Please note: As of January 20, 2021, information in some news releases may be out of date or not reflect current policies.
More than 1,100 New Jersey gas station attendants receive $5.5 million in
back wages and damages in US Labor Department enforcement initiative
MOUNTAINSIDE, N.J. — In the past five years, more than 1,100 attendants at Shell, Exxon, BP and other leading brand gas stations in New Jersey have been denied the minimum wage and, in some cases, overtime pay. These workers have received $5.5 million in back wages and damages recovered thanks to a multiyear enforcement initiative conducted by the U.S. Department of Labor's Wage and Hour Division.
"The wages recovered for these low-wage workers will help them pay rent and put food on the table for their families. These wages will also fuel the local economy," said Secretary of Labor Thomas E. Perez. "The U.S. Labor Department is determined to ensure that employers follow the law and to create a level playing field for those competitors who pay their workers all of the wages they have rightfully earned."
"Our investigations of the New Jersey gas station industry found widespread violations of the federal Fair Labor Standards Act's minimum wage, overtime and record-keeping provisions," said Mark Watson, regional administrator of the Wage and Hour Division in the Northeast. "To combat these violations, we are engaged in strategic enforcement and outreach efforts with employer organizations and employee advocacy groups to educate all parties on their rights and responsibilities. Our efforts are having an impact on the industry."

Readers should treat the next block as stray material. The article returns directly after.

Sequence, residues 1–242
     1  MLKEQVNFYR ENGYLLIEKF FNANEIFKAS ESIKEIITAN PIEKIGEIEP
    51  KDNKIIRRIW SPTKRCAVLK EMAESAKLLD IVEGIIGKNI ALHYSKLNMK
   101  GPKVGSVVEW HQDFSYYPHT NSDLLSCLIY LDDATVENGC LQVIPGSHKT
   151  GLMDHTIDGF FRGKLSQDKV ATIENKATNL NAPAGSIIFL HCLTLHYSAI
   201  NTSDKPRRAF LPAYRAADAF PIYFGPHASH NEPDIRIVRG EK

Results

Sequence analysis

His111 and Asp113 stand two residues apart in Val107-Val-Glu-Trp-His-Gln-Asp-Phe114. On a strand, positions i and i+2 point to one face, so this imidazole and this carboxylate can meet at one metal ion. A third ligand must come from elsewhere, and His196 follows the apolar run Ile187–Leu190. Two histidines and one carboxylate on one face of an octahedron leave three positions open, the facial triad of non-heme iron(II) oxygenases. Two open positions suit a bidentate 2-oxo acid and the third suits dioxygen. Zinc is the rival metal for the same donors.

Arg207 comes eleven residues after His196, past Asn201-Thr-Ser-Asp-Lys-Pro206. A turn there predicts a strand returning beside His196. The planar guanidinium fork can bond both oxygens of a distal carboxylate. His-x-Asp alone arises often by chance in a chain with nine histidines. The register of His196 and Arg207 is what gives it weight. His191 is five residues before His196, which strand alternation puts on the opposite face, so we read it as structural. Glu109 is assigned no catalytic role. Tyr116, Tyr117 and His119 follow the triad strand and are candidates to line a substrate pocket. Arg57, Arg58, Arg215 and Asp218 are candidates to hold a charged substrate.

In fiscal year 2014, the division recovered nearly $300,000 in back wages and damages for nearly 100 employees, about $3,000 per worker. While that amount is significant, it has dropped to its lowest point since the initiative began in 2010. In addition, ample evidence shows the division's enforcement efforts have impacted the industry. The division's investigators report that some gas stations hired more employees to avoid overtime violations; purchased time clocks to track hours worked; and contacted the Wage and Hour Division for help in providing intensive training for managers on overtime and minimum wage laws. The division will continue to monitor this industry for continued compliance in fiscal year 2015.
The FLSA requires that covered employees be paid at least the federal minimum wage of $7.25 per hour. Nonagricultural and other nonexempt employees are entitled to time and one-half their regular rates for every hour they work beyond 40 per week. The law also requires employers to maintain accurate records of employees' wages, hours and other conditions of employment, and prohibits employers from retaliating against employees who exercise their rights under the law. The FLSA provides that employers who violate the law are, as a general rule, liable to employees for back wages and an equal amount in liquidated damages.
When employees are denied their hard-earned income, the Wage and Hour Division is committed to ensuring that workers receive wages earned and needed for basic expenses such as rent, transportation and food. Since 2009, the division's investigations have resulted in the recovery of more than $1.3 billion dollars in back wages for more than 1.5 million workers.
For more information about federal wage laws, or to file a complaint, call the Wage and Hour Division's toll-free helpline at 866-4US-WAGE (487-9243), or the division's Northern New Jersey District Office, which is leading the enforcement initiative, at 908-317-8611. Information also is available at http://www.dol.gov/whd/.